and it doesn't really matter that you even if you have a job that you think is incredibly safe from automation this is [TS]

  still a problem for you because it it it affects absolutely everyone. [TS]

  I guess the place where this this started for me is back [TS]

  when I was a young lad in college I came across a book called genetic programming Volumes one two [TS]

  and three I got called codes [TS]

  and those were amazing books about computer programming there was always this alternate life that I wonder about where [TS]

  I had become a computer programmer instead of becoming a physics teacher that was a possibility. [TS]

  But these books were amazingly eye opening to me because what they were was well the thing that I talked about very [TS]

  briefly in the video was not how to write a computer program [TS]

  but how to write a program that can figure out on its own the solution to some kind of problem which just blew my mind [TS]

  that this kind of thing was even possible. [TS]

  And I just devoured those books and I was playing around with all the source code [TS]

  and I really think there is a version of my life that might have gone much more down that route because I just I just [TS]

  found it absolutely fascinating [TS]

  and you can talk about how this works is just so beyond the scope of an audio podcast to talk about this but. [TS]

  Just very briefly I'll say that you can talk about it it does one of two things either simulates the way the human [TS]

  brain does stuff with kind of pretended neurons in the computer that you can show things [TS]

  and teach it yes this was right no this was right [TS]

  and this this network of neurons learns on its own which is just amazing to see. [TS]

  Or you do something where you basically you have an artificial environment in which you create a bunch of random [TS]

  programs and you let you basically run evolution on that you let them breed with each other [TS]

  and produce child programs and you measure how effective those child programs are [TS]

  and then you keep running generations on this and you can come up with programs that can solve things. [TS]

  And the interesting thing is that you as the programmer have no idea how it works. [TS]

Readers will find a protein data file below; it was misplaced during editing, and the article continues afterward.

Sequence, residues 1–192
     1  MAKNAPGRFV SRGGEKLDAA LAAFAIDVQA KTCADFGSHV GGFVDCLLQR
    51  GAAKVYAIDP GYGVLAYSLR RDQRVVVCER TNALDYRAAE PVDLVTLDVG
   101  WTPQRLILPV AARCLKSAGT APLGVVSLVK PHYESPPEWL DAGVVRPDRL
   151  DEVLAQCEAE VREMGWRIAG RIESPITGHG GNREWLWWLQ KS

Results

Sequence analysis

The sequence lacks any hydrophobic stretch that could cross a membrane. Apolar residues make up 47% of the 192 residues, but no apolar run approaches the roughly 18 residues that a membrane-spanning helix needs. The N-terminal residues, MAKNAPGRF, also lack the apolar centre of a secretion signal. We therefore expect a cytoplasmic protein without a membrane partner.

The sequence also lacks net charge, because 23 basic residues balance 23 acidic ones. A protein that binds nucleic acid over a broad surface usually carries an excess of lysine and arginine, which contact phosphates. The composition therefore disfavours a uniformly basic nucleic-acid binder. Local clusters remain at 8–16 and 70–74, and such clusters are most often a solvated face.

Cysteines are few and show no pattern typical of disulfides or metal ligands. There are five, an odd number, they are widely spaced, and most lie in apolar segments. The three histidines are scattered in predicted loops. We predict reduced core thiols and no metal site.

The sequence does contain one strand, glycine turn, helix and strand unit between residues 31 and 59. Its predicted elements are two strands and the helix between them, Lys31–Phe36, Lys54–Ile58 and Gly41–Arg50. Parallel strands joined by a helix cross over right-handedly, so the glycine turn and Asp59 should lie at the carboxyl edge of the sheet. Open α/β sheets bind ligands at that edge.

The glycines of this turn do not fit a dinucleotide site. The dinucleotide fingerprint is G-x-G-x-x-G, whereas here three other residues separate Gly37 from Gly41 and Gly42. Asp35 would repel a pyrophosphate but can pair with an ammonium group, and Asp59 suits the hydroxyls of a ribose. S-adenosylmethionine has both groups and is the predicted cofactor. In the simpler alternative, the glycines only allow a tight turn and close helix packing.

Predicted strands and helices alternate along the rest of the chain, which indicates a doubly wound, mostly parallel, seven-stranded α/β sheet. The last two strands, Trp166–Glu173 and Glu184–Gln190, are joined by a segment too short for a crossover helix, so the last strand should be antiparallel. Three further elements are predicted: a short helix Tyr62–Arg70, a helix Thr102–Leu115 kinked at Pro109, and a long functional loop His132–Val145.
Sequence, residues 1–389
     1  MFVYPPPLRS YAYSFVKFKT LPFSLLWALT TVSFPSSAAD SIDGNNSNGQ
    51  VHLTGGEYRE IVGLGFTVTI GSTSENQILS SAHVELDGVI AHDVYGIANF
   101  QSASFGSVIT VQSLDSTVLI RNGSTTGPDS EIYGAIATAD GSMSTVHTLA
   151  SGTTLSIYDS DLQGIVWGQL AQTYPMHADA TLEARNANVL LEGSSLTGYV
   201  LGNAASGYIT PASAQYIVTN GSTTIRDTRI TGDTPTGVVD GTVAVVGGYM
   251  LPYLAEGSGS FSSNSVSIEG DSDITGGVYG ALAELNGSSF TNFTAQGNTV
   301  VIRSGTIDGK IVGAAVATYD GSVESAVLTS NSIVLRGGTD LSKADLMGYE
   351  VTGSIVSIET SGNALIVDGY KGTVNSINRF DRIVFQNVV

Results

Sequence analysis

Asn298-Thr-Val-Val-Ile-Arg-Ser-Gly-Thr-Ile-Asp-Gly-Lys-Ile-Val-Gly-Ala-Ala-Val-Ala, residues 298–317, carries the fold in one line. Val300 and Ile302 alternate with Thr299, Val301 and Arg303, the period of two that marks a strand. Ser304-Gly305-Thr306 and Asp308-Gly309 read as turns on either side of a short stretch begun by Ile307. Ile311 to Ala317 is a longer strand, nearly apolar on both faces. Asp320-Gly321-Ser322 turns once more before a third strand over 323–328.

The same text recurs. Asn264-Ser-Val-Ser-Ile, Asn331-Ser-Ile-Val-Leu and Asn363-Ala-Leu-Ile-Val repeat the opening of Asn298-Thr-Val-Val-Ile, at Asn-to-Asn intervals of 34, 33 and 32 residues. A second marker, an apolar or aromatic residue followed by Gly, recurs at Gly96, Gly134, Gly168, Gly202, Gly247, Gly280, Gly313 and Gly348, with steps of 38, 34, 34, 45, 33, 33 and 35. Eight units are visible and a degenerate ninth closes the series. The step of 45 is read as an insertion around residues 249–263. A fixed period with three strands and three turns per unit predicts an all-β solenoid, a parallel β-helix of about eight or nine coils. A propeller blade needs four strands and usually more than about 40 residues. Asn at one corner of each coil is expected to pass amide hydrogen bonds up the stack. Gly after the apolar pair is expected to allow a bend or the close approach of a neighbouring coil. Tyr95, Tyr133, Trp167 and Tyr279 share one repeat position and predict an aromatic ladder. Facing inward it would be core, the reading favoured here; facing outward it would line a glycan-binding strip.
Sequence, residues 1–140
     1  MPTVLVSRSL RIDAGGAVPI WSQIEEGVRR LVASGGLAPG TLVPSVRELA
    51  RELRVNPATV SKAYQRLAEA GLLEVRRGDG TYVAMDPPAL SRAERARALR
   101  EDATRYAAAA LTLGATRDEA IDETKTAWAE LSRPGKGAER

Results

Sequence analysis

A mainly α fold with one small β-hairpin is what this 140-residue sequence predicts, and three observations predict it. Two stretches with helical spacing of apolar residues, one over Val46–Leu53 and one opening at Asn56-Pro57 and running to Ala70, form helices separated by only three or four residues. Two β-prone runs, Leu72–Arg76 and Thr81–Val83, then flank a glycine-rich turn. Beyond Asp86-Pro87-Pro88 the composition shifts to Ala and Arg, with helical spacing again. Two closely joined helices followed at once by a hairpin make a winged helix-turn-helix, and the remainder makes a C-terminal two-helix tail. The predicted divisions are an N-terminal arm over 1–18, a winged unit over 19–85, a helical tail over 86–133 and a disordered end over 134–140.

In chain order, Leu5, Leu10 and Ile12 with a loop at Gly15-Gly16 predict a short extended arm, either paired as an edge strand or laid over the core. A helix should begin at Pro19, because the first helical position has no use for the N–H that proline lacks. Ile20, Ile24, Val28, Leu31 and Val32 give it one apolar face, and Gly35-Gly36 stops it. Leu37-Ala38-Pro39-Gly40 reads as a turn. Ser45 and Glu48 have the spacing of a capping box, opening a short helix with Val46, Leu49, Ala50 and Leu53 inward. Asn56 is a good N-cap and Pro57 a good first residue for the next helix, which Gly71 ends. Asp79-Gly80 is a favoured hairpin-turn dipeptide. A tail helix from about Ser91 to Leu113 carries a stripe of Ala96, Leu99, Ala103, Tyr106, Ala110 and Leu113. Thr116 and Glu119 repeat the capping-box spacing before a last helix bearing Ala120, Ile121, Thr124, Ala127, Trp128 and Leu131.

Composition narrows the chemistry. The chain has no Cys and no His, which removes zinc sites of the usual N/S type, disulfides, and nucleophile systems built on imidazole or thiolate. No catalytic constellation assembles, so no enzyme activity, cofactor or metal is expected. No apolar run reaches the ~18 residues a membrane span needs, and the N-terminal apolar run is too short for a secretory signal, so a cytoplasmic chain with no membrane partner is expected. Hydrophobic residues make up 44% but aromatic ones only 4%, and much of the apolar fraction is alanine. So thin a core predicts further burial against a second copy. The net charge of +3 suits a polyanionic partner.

That was a thing that I found the most amazing was I well I would type up a program [TS]

  and I would let the computer run overnight [TS]

  and so I'd come up you know in the morning it would be something like twenty thousand generations of digital programs [TS]

  had lived and died and there was some program that could solve a problem for me and I would look at it [TS]

  and go nope no idea how it has worked. I can't even remotely figure out how it works. [TS]

  It's thousands and thousands of lines of code long. It's just impossible but I found that really fascinating and. [TS]

  That we that was for me was it was when I was like whoa. This this is a big deal because you've glimpsed the power. [TS]

  Yeah [TS]

  and this is again the case where you overestimate change in the short term because at that point I thought like man this [TS]

  is going to storm the world just immediately [TS]

  and the answer is it has not except that basically now a lot of these things are really coming into their own because [TS]

  the computing technology has gotten fast enough that it was it was really a we need computers to be ten years faster in [TS]

  order to do some of this stuff in a in a realistic way the problems I was having it solve were very very simple [TS]

  but that was the thing that really sparked my interest in this and just realizing boy. [TS]

  Anybody who's job is to sit at a computer and manipulate things entirely digitally. [TS]

  Their jobs are really in danger [TS]

  and that's the one thing I didn't talk about in the video because it's not as easy to show visually. [TS]

  It's so easy to talk about oh these factory workers and these truck drivers are all going to lose their jobs. [TS]

  But I actually think that the people at the biggest risk are not blue collar workers [TS]

  but it is white collar workers people who do just work at a computer all day long. [TS]